GB goalball star Georgina Bullen used to go to the same school as young reporters Amelia, Courtney and George
By School Reporters Amelia, Courtney and George
From Melbourn Village College, Hertfordshire
On Sunday 4 December, three Year 9 students from Melbourn Village College travelled to London to report on the goalball international competition - the first 2012 Paralympic test event at the Olympic Park.
Competing in the tournament were current European champions Great Britain, Olympic champions the United States and world champions China, as well as other top international women's teams, Canada and Sweden.
We spoke to the 2012 director of Paralympic integration, Chris Holmes, who told us the test event was a fantastic way to find out how the athletes will experience the new stadium.
He said it was also to try out the building's facilities, as well as timing and staffing.
Chris told us that 80% of the work takes place behind the scenes: "The offices, meeting spaces, control centres, transport operations - all are absolutely crucial and it's really key to get all these spot on."
School Reporters interview 2012 Director of Paralympic Integration backstage at the test event
He also said he thought the event had gone really well: "It has been an excellent weekend. Very impressive, it ran very smoothly and everybody is very positive and very happy."
In terms of the competitors taking part in the goalball tournament, Team GB were the youngest team competing and are all part-time players. In contrast many of the older, more experienced opponents, like China and Canada, play professionally.
Despite this, Great Britain's girls did brilliantly and came closest of all the teams competing to almost beating China losing only 1-0.
In our interview with Georgina Bullen, a former student at Melbourn Village College, we got a player's perspective on the new stadium, the teams and the event.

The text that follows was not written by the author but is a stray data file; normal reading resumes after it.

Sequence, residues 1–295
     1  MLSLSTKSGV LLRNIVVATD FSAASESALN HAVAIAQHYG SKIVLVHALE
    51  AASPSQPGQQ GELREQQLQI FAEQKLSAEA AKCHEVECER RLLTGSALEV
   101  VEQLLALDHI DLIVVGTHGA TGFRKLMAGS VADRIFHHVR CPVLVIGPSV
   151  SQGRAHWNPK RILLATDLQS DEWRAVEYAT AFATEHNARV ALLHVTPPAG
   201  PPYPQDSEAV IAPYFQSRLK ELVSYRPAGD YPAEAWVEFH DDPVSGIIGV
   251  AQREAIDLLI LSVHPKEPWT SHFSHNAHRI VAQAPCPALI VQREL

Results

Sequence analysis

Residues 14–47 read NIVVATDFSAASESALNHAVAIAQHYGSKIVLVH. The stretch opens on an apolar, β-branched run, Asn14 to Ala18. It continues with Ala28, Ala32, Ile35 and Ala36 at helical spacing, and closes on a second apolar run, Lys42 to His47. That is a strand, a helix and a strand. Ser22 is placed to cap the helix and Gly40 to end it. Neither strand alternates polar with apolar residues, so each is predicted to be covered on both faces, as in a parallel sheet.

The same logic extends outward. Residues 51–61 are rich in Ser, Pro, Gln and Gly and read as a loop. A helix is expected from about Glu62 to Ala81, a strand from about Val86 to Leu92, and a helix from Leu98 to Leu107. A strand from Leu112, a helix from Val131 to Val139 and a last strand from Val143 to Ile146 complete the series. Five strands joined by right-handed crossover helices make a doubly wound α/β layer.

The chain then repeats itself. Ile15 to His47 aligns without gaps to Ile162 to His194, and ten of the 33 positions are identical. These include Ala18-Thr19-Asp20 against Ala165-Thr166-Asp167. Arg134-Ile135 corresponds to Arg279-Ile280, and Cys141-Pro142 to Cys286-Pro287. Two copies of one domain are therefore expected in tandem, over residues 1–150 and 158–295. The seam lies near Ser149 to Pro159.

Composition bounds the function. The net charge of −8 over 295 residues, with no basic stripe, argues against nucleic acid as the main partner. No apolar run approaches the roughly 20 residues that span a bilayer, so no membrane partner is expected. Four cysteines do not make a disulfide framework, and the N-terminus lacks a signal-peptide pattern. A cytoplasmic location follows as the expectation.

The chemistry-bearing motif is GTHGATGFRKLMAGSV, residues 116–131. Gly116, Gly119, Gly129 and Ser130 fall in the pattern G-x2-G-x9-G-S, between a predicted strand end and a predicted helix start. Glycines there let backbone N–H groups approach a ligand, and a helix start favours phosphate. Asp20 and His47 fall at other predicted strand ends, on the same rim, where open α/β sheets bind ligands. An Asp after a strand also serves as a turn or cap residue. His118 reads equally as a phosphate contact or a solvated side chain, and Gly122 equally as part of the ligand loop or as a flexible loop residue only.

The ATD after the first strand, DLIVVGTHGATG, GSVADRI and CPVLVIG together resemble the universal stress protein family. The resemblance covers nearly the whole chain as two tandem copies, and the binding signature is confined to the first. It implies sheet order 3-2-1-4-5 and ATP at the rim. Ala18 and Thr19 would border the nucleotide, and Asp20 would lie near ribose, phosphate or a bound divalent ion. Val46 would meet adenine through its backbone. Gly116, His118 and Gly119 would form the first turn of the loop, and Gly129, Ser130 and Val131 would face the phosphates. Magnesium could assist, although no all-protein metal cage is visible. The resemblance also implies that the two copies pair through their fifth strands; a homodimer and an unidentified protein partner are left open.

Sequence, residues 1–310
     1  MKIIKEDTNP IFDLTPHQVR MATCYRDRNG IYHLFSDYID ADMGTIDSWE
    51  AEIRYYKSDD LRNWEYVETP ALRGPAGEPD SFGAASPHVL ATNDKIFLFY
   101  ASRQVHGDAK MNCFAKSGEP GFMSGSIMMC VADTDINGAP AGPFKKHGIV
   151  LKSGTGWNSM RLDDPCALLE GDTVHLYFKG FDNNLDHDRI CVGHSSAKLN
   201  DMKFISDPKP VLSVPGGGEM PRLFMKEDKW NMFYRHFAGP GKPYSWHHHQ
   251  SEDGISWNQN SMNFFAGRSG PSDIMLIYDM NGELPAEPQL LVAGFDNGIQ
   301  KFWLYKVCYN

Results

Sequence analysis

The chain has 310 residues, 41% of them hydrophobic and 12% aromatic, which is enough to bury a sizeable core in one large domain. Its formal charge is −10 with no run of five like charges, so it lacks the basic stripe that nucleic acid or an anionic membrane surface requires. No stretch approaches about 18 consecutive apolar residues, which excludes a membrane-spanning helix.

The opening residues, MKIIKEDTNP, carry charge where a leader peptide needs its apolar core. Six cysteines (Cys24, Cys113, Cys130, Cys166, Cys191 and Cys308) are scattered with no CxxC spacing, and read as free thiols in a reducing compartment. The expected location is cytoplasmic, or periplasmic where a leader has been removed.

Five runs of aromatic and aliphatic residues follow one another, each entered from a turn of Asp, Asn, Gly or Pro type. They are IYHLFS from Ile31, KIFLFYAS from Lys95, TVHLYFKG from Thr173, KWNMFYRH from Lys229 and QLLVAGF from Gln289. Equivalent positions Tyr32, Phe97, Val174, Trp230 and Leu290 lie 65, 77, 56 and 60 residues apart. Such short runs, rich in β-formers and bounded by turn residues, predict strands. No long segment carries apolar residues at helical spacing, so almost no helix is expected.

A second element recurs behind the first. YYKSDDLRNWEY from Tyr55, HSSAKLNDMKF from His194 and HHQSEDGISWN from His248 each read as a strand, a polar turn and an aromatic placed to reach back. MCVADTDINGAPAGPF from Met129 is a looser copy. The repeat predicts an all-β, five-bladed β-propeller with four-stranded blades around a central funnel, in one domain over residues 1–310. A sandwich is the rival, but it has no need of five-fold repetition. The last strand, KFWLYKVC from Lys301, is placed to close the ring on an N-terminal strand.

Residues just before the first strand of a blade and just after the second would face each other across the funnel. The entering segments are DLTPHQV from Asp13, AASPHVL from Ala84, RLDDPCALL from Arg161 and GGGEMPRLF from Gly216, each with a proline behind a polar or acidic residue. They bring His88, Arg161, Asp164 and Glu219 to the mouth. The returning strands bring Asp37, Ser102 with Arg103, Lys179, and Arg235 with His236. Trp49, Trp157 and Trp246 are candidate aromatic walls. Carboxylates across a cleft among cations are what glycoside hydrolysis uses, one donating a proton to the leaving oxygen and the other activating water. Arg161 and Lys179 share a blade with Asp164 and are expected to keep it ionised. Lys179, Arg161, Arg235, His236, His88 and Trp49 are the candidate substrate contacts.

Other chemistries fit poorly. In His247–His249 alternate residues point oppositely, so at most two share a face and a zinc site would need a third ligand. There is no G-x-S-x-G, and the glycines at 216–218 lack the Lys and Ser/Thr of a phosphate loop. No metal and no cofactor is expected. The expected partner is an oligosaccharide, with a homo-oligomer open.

She told us she loved the arena: "It's great, isn't it? From the outside it looked a bit dull but when you get inside it's amazing."
But it also held some surprises as Georgie explained how the court floor was "less slippy than we are used to" and so they had to get used to playing on it and with a new ball which "had more bumps on it and so hurt more!"
Students tested out a selection of seats around the Handball Arena during matches!
When we asked her about how she felt the tournament had gone for the GB team she said "it has been a real learning curve for all of us... there haven't been any games we've had that haven't been close and haven't been exciting. It shows us where we could be in a year."
She also told us how many of the international players from different teams get on well off the court.
"It is always amazing to get positive quotes from the top players in the world when you come off the court," she added.
Georgie and her team-mates now have to wait to find out whether they will be competing in the 2012 Paralympics. They will find out in March. We have our fingers crossed for Team GB - as Georgia said: "In the end I want to get to the Paralympics."
So, the event went smoothly and it was a great indicator of how exciting the Paralympics will be in 10 months' time.
It was daunting for us at first, but getting the opportunity to work alongside experienced reporters and getting access to the athletes and senior officials was good.
It makes us feel excited about the events in 2012 and we were really pleased to have this opportunity to be some of the first people to see (and report on) a Paralympic event in the Olympic Park.
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